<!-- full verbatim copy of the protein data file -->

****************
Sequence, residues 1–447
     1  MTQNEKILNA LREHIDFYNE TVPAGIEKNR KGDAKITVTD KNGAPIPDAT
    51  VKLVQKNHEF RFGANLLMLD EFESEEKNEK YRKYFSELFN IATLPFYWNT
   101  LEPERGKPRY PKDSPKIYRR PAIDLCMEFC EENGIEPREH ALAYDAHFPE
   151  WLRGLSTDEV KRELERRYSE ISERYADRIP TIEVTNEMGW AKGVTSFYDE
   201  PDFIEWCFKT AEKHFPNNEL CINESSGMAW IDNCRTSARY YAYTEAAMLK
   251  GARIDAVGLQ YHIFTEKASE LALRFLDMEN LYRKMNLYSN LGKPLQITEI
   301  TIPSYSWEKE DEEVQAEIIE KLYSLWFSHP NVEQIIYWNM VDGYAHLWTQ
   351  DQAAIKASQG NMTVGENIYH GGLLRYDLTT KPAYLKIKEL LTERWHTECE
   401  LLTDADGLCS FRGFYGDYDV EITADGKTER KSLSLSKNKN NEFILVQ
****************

Sequence, residues 1–447
     1  MTQNEKILNA LREHIDFYNE TVPAGIEKNR KGDAKITVTD KNGAPIPDAT
    51  VKLVQKNHEF RFGANLLMLD EFESEEKNEK YRKYFSELFN IATLPFYWNT
   101  LEPERGKPRY PKDSPKIYRR PAIDLCMEFC EENGIEPREH ALAYDAHFPE
   151  WLRGLSTDEV KRELERRYSE ISERYADRIP TIEVTNEMGW AKGVTSFYDE
   201  PDFIEWCFKT AEKHFPNNEL CINESSGMAW IDNCRTSARY YAYTEAAMLK
   251  GARIDAVGLQ YHIFTEKASE LALRFLDMEN LYRKMNLYSN LGKPLQITEI
   301  TIPSYSWEKE DEEVQAEIIE KLYSLWFSHP NVEQIIYWNM VDGYAHLWTQ
   351  DQAAIKASQG NMTVGENIYH GGLLRYDLTT KPAYLKIKEL LTERWHTECE
   401  LLTDADGLCS FRGFYGDYDV EITADGKTER KSLSLSKNKN NEFILVQ